The details on the next RPG by Obsidian Entertainment are scarce, but one thing is for sure: it will have no loot boxes or other forms of microtransactions.

Microtransactions have been viewed by the gaming community as a scourge to the industry, as some publishers and developers try to squeeze the most amount of profit that they could from the titles that they create.

The Next Obsidian RPG Will Have No Microtransactions

Obsidian Entertainment, the studio behind popular titles such as Fallout: New Vegas, Tyranny, and the Pillars of Eternity series, has kept its current project under wraps. However, the developer has confirmed one thing about the upcoming RPG.

"No microtransactions, of any kind, in our game," the studio said in an official statement in its forums. The company added that its partnership with Private Division, the indie publishing form of Take-Two Interactive, has not forced Obsidian into a certain direction with the development of the new RPG, including whether or not it will contain microtransactions. The studio said that Private Division has been "incredibly supportive" of its vision with the unannounced game, and reiterated that it always places gamers first in all the decisions that it makes.

Obsidian made the announcement in response to questions from gamers, who were concerned when Take-Two Interactive's Private Division was announced as the upcoming RPG's publisher. The worries come from a statement made by Take-Two Interactive CEO Strauss Zelnick that all games by the publisher, in addition to actual sales, will count more on "recurrent consumer spending," a fancy word for microtransactions.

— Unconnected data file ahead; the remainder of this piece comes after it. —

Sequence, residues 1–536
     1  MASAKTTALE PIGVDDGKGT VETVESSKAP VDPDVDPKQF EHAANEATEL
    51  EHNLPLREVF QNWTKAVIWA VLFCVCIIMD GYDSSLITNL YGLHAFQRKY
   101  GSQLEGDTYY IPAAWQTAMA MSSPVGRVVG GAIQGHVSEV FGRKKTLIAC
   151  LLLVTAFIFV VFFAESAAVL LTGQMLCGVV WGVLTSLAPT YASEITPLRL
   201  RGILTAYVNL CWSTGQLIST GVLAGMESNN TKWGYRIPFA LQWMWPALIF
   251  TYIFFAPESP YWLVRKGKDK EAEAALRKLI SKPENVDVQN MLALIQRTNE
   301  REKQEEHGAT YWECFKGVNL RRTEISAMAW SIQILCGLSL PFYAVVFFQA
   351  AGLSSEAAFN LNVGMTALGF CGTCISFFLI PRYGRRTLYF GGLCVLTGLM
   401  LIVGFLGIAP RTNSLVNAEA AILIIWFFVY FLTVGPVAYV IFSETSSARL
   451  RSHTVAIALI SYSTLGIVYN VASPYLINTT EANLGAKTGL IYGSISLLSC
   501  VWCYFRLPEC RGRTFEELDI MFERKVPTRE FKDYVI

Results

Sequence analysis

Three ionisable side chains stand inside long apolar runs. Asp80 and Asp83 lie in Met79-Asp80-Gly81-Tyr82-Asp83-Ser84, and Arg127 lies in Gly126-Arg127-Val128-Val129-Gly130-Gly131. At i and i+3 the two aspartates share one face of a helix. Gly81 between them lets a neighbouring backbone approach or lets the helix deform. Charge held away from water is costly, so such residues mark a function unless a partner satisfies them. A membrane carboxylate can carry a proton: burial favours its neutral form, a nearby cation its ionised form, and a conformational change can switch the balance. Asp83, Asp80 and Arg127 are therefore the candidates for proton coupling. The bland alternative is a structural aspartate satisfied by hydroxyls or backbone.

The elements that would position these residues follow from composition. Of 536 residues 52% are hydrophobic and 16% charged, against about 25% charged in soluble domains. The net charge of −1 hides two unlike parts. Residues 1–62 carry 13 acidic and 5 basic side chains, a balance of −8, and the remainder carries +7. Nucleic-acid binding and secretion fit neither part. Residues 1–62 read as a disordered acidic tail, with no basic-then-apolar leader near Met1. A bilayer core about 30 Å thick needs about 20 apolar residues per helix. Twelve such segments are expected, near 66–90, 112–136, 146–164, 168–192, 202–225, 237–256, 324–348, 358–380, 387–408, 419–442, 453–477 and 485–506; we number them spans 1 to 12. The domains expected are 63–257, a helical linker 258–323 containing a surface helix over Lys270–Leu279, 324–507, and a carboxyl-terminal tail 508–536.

Gamers Hate Microtransactions

Microtransactions have become the norm in the video game industry, and perhaps Take-Two Interactive had a fair share in making that happen. Grand Theft Auto V last month became the best-selling video game of all time in the United States, with the 4-year-old title maintaining popularity primarily due to microtransactions in its GTA Online component.

The most recent high-profile issue surrounding microtransactions involved Star Wars: Battlefront II. Electronic Arts was forced to reduce costs, and then eventually temporarily deactivate microtransactions in the game before its launch due to massive backlash on the excessive requirements to unlock certain Star Wars: Battlefront II characters.

The Belgian Gaming Commission has even declared loot boxes and other forms of microtransactions as gambling, a ruling that might spread to other countries around the world.

Obsidian's decision to not include microtransactions in its next RPG is a strong move, and hopefully it proves that games without microtransactions, as long as they are developed well, will still be able to translate to profits.

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